[Opinion] H&M Faces a Boycott in China – Is This a Beginning of Economic Decoupling?

Author: MOS Ruiqiu

Swedish multinational clothing retailer H&M is facing a boycott within China for not buying cotton produced in Xinjiang. Mainland Chinese media reported that H&M products were removed from all major Chinese e-commerce platforms, including JD and Taobao.

China is H&M’s fourth-biggest market with sales of 2.9 billion Swedish crowns ($339 million) in 12-month through November 2020.

In fact, H&M made this decision and posted this statement online in the past year, expressing that “H&M group is deeply concerned about reports from civil society organizations and media that include accusations of forced labor and discrimination of ethnoreligious minorities in Xinjiang Uyghur Autonomous Region (XUAR).” The statement also stated H&M’s decision that “We do not work with any garment manufacturing factories located in XUAR, and we do not source products from this region.”

While H&M addressed the issue last year, ironically, the boycott against H&M came just a day after the sanctions between the CCP and the western nations. This week, the US, European Union, and Canada imposed coordinated sanctions on CCP’s officials as accused of human rights abuses in Xinjiang. CCP China immediately denied the claims and hit back with sanctions on European officials and organizations. It seems that the H&M incident could be a CCP’s retaliation.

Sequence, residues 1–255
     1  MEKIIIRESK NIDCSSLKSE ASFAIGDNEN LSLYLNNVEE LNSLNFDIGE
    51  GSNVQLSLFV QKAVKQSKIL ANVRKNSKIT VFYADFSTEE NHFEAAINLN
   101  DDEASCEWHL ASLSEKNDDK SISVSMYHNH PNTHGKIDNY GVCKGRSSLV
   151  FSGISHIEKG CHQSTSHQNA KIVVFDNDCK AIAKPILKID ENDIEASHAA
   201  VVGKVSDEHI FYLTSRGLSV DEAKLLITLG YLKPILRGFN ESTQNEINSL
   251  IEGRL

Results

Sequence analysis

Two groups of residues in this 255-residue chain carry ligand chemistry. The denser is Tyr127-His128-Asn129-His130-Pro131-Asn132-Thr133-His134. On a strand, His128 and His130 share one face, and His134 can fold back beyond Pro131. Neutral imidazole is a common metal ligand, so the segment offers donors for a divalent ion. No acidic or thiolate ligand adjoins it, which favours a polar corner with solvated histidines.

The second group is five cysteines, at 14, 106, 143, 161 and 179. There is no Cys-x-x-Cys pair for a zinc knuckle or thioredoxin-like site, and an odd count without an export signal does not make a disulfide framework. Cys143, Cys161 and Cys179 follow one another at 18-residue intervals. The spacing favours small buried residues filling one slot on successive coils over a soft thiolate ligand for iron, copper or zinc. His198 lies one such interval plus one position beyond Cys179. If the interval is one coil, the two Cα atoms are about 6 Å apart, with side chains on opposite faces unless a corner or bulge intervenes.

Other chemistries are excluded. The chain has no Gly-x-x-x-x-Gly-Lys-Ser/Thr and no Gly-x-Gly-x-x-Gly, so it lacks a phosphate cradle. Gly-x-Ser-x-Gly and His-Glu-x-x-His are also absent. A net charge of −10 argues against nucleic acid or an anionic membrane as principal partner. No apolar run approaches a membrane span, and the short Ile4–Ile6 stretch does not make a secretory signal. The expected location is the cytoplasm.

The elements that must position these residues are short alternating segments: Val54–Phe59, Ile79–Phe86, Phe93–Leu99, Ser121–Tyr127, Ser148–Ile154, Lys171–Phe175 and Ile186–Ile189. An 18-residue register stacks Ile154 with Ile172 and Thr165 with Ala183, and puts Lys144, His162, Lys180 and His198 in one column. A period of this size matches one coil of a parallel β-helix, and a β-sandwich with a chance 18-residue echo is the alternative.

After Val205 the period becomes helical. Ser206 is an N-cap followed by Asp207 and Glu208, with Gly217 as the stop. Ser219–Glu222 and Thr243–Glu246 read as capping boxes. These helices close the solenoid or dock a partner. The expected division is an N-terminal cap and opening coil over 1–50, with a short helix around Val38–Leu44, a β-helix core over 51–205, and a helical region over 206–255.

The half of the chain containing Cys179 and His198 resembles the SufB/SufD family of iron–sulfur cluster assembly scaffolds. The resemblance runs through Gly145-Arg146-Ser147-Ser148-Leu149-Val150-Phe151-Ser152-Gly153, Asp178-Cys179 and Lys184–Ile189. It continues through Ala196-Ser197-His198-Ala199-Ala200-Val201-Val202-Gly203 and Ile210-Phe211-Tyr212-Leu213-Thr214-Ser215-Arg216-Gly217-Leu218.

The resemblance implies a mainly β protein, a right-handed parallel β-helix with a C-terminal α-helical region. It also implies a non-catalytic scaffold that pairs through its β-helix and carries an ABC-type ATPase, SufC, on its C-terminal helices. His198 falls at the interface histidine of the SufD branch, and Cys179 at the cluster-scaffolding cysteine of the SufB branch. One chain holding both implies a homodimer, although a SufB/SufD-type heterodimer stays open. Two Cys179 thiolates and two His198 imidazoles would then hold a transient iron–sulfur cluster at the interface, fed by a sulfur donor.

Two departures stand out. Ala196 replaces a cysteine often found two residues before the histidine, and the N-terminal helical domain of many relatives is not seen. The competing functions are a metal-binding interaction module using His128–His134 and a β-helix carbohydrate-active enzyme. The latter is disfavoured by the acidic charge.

According to the LUDE media report, the “H&M incident” could be the beginning of economic decoupling between CCP China and the western countries.

LUDE explained that multinational companies are not only chasing economic interests, they also follow ethics and industry rules. For example, H&M decided not to buy Xinjiang cotton as H&M followed Better Cotton Initiative’s (BCI) rules. Because BCI has decided to suspend licensing of BCI cotton in XUAR as “it has become increasingly difficult to conduct credible due diligence in the region”; thus, as a BCI member, H&M has to change its supply chains and stop purchasing Xinjiang cotton.

LUDE also analyzed that if more western industries and associates announce rules on regulating economic cooperation with CCP China, then, more multinational corporations have to distance themselves from ties to CCP China in order to keep their bigger western market. It could cause economic decoupling between the CCP Chinese companies and the western companies.

On Thursday morning, H&M’s boycott in China has extended. Meanwhile, Nike, Uniqlo, and Adidas have become new targets on Chinese treading news and social media over their stance to remove Xinjiang cotton from their supply chains.

The situation puts multinational corporations in a sensitive position. Many companies in clothing, footwear, and other industries have to evaluate the benefits and costs regarding the cooperation with companies in CCP China.

Reviewer: Irene

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